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Maritime National Fish v Ocean Trawlers [1935] AC 524

The claimant owned five fishing vessels one of which was chartered to the defendants. The fishing vessels were all fitted with otter trawler nets. New legislation was introduced requiring licences to be held by those using otter trawl nets. The claimant applied for five licences but was only granted three. He had to name which vessels the licence would be used on. He named his own vessels and excluded the vessel which the defendant was using. This meant that the defendant was unable to use the vessel for fishing. The claimant sued the defendant for the price of hire and the defendant in his defence stated the defendant had committed a breach in not providing a licence so he was not obliged to pay for the cost of hire. The claimant argued there was no breach as the failure to provide a licence was a frustrating event in that the decision to grant licences rested with the secretary of state.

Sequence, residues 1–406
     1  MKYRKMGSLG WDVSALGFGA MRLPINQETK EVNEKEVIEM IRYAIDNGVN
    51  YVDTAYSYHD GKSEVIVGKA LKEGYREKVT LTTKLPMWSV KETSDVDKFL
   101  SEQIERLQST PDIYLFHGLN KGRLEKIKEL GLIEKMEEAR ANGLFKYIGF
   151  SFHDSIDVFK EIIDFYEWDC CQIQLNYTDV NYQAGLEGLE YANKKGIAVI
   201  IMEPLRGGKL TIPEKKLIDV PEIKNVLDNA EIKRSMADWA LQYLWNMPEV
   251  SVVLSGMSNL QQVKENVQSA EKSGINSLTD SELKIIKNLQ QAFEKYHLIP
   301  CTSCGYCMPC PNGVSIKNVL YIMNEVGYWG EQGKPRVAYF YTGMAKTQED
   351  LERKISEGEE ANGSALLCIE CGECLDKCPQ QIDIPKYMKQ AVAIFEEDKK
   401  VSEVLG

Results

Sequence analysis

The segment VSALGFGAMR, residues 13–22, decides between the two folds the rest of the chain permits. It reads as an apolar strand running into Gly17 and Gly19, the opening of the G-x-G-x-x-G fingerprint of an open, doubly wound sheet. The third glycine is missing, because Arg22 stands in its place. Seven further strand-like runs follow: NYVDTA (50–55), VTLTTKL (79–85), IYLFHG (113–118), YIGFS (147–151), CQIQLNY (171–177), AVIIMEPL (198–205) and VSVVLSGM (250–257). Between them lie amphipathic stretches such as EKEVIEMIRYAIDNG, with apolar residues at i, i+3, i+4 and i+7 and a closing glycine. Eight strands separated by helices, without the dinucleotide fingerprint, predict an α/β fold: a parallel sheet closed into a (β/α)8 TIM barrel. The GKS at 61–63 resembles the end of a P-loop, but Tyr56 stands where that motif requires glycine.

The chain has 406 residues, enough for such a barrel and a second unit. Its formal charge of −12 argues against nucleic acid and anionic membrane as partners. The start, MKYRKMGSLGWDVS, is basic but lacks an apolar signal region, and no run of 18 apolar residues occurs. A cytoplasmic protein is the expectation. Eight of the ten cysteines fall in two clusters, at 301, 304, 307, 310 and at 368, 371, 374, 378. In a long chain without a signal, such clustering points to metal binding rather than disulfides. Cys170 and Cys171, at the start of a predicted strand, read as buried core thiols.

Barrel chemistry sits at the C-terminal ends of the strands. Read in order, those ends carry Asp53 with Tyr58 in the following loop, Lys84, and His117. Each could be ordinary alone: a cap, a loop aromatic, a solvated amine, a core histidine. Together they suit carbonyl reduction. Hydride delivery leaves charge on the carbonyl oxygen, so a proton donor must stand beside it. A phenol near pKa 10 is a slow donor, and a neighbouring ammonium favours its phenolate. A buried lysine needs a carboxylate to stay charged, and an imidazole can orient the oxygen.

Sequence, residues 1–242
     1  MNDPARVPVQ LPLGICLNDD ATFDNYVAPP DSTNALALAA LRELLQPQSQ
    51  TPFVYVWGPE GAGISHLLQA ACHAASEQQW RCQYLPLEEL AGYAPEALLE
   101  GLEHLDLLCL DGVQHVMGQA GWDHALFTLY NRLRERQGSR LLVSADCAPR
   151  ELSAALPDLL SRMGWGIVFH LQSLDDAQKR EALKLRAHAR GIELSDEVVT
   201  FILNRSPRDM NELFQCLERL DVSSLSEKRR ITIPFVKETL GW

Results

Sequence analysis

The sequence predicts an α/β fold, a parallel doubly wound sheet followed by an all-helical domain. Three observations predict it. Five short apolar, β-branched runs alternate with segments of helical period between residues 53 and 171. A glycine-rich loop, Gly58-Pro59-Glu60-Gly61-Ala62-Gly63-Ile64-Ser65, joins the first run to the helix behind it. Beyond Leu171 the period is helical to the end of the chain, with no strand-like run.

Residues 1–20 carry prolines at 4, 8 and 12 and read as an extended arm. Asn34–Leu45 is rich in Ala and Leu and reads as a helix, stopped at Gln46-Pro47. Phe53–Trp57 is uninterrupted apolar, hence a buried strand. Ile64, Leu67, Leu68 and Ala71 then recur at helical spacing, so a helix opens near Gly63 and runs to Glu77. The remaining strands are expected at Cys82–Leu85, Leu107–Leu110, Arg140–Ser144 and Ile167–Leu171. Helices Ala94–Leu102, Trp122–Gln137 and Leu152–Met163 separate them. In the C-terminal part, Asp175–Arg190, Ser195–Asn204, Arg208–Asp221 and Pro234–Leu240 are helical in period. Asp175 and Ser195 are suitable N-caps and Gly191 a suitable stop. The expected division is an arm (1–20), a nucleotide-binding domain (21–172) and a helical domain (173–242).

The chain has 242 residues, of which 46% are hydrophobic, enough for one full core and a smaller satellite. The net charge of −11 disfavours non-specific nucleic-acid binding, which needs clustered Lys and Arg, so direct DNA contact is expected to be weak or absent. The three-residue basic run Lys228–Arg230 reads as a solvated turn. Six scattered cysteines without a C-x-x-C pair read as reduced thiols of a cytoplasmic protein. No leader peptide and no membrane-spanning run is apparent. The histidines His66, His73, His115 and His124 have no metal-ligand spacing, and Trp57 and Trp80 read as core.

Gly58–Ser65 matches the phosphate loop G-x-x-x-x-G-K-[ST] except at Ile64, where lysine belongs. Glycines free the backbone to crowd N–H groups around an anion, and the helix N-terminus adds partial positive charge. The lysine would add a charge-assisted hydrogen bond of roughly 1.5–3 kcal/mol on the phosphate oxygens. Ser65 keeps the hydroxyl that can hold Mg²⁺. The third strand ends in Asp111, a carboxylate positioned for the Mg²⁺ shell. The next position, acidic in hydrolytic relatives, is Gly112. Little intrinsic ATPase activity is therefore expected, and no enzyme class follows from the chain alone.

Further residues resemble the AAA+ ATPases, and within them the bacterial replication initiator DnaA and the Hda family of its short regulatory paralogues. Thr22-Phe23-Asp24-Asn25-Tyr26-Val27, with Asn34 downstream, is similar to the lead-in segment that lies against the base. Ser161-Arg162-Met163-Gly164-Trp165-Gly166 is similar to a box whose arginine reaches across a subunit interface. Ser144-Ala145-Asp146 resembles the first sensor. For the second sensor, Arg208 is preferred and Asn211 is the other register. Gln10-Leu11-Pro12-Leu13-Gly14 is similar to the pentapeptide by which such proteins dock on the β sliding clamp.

The contract was not frustrated since the claimant had chosen to keep the three licences granted for himself rather than using one to fulfil his contractual obligation. He had therefore induced the frustrating event and was therefore in breach of contract.

Back to lecture outline on Frustration in Contract Law